When free agency begins for the NFL, the best players are snatched up and signed to lucrative deals within days. Teams don’t waste any time making the best free agents deals they can’t turn down and it often doesn’t take more than a week for the biggest free agents to sign with someone. Within two weeks, the best remaining free agents will have signed new deals as well.
After that, you have guys that are just hoping someone will pay them league minimum and veterans that have yet to realize they need to hang it up or think they deserve more than what anyone has offered. At this point, few—if any — big name free agents remain.
MLB free agency doesn’t operate quite the same. Teams couldn’t sign free agents until November 7th and couldn’t go after free agents from another team for another five days. Many players do sign deals as soon as they can, but not everyone does.
But in just a few weeks, players will start reporting to spring training. Unless they sign a new deal in the days ahead, several big-name players may have nowhere to go. Chances are good they’ll find a team in time, but for now, the following stars are still free agents.
Yu Darvish, starting pitcher (with Los Angeles Dodgers last season)
Many fans will remember Darvish as the guy who cost the Dodgers the World Series last year. While he wasn’t at his best on the game’s biggest stage, he has been one of the better pitchers in the league (3.42 ERA, 56-42 record; has averaged well over 200 strikeouts a season) since coming over to the Major Leagues from Japan in 2012.
But Darvish hasn’t been the same since missing the 2015 season with an injury. Let’s be clear, he is still a good pitcher. He may not be an ace anymore, but he is certainly worth a spot in the middle of the rotation for someone.
Jake Arrieta, starting pitcher (with Chicago Cubs last season)
He didn’t look too good with the Baltimore Orioles, but since joining the Cubs, he has evolved into one of the best pitchers in the game. In 2015, he was the NL Cy Young winner and wins leader. He followed that up by being an integral part of the Cubs World Series run in 2016. With what he’s done in Chicago, you’d think the Cubs would do whatever it took to retain him.
But the Cubs may be worried that his ERA may continue to climb (2015—1.77; 2016—3.10; 2017—3.53). Do they want to lock a guy down for $26 million a season for the next six years if they have reason to believe his ERA will soon be over 4.0?
Alex Cobb, starting pitcher (with Tamp Bay Rays last season)
After a respectable season in 2017, it appeared Cobb was in line for a deal worth $14-15 million a season. His best reported offer, so far, has come from the Chicago Cubs (three years, $42 million). He turned it down.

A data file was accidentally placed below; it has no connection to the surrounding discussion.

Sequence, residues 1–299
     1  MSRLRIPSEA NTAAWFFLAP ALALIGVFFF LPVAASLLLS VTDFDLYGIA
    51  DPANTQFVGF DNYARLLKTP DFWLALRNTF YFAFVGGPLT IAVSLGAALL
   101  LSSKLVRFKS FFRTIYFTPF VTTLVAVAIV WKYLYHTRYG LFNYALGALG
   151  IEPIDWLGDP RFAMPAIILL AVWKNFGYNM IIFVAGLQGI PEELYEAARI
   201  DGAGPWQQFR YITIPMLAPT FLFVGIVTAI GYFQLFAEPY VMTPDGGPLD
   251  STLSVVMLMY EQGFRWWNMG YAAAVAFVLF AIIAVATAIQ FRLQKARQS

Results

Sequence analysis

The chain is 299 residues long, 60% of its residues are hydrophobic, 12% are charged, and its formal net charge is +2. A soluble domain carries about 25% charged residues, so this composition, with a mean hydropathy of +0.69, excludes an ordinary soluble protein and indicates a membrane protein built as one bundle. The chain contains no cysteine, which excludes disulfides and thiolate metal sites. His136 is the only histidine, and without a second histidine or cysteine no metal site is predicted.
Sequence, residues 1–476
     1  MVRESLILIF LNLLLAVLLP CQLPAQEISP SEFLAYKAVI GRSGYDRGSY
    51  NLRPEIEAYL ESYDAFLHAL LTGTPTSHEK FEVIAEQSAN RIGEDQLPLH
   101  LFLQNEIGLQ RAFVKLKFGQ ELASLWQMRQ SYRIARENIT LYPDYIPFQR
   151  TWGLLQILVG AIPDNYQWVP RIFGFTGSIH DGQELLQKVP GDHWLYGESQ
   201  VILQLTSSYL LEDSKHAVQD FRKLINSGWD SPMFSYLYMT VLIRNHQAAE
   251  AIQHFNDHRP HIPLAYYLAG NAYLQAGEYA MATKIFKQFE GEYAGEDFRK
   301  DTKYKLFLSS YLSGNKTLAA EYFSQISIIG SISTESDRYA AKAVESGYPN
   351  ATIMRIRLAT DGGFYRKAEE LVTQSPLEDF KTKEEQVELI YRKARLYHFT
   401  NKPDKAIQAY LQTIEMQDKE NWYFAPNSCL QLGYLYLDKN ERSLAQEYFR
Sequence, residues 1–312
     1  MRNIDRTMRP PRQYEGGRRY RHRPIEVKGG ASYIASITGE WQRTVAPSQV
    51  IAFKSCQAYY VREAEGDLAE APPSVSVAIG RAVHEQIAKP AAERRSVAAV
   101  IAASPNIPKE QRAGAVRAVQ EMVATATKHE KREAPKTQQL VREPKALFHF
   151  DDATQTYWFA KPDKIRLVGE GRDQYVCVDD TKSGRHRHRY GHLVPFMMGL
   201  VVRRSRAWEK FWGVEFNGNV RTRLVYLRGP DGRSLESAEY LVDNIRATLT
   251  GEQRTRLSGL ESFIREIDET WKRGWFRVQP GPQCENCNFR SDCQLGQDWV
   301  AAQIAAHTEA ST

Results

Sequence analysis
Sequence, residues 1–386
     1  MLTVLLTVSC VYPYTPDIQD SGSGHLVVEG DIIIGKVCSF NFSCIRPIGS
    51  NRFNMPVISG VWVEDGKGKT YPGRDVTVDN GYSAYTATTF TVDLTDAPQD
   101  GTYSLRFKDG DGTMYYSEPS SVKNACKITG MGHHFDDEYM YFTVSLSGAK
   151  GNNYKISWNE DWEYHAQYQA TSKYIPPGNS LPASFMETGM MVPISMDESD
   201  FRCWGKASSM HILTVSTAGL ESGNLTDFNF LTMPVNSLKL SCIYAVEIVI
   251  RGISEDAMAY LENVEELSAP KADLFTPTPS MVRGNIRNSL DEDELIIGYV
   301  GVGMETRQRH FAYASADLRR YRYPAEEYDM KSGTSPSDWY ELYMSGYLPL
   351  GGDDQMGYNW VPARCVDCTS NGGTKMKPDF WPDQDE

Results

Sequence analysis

Supposedly, he has had serious talks with as many as 15 teams. At this time, he has yet to rule anyone out. But that doesn’t mean they haven’t ruled him out. If he isn’t careful, teams will move on from him, his options will dwindle, and so will the salary in whatever offer he receives.
Jose Bautista, outfielder (with Toronto Blue Jays last season)
Bautista made the most of his 54-home runs in 2010. He went from getting paid $2.4 million that season to signing a five-year, $65 million deal before the 2011 season. Bautista had hoped to cash in further on his home run hitting prowess after hitting 40 home runs in 2015. But the Blue Jays didn’t want to commit $150 million to a guy in his mid-30s.
He played last season on an $18.5 million deal with a mutual option for the 2018 season. With his production declining, the Blue Jays have decided to decline his option. His 20+ home runs the last couple of seasons will hold some value for teams in need of a DH. But his range in the outfield is limited, and his batting average is—well, it’s not good (.203 last season). His name will help sell tickets, but he may not help whoever signs him win many games.
Lorenzo Cain, outfielder (with Kansas City Royals last season)
At 32, he may be a little older than teams would like for a guy they are making a big offer to. But his production in recent years certainly warrants a significant one. He doesn’t have a lot of power (57 career home runs). But he has hit .300+ in three of the last four seasons. He is a strong defensive player, and his speed has helped him steal 96 bases over the last four seasons.
The Royals made him a qualifying offer, which he rejected. The team has also made it clear they want to cut payroll heading into the 2018 season. Chances are good they will not make him an offer he’s willing to accept. The question is now whether anyone will.
J.D. Martinez, outfielder (with Arizona Diamondbacks last season)
The former Diamondbacks slugger’s continued free agent status may be the most baffling of them all. After hitting .303 and 45 home runs in 2017, you’d think teams would be lining up to sign him. He’s hit .300+ in three of the last four seasons and 20+ home runs the last four.
So, the power behind the 30-year old’s swing is real. But it sounds like his agent may be holding out for too much. He is reportedly seeking $30 million/season over six or seven years for Martinez. Rumor has it, the Red Sox initially offered $100 million over five years. They have since upped the offer to $125 million.
Eric Hosmer, first base (with Kansas City Royals last season)
A player with a resume such as his should be garnering a ton of attention from teams. He helped the Royals win the World Series in 2015. The following year he was named the MVP of the All-Star game. Last season he won his fourth Gold Glove and hit .318 with 25 home runs and 94 RBIs. At the tender age of 28, he could be a good building block or an upgrade for a contender.
He’s rumored to have been offered $140 million by the Padres and $147 million by the Royals. The length of either offer is unknown. But since he hasn’t taken either, there are some who believe they may be phantom offers intended to spark discussions.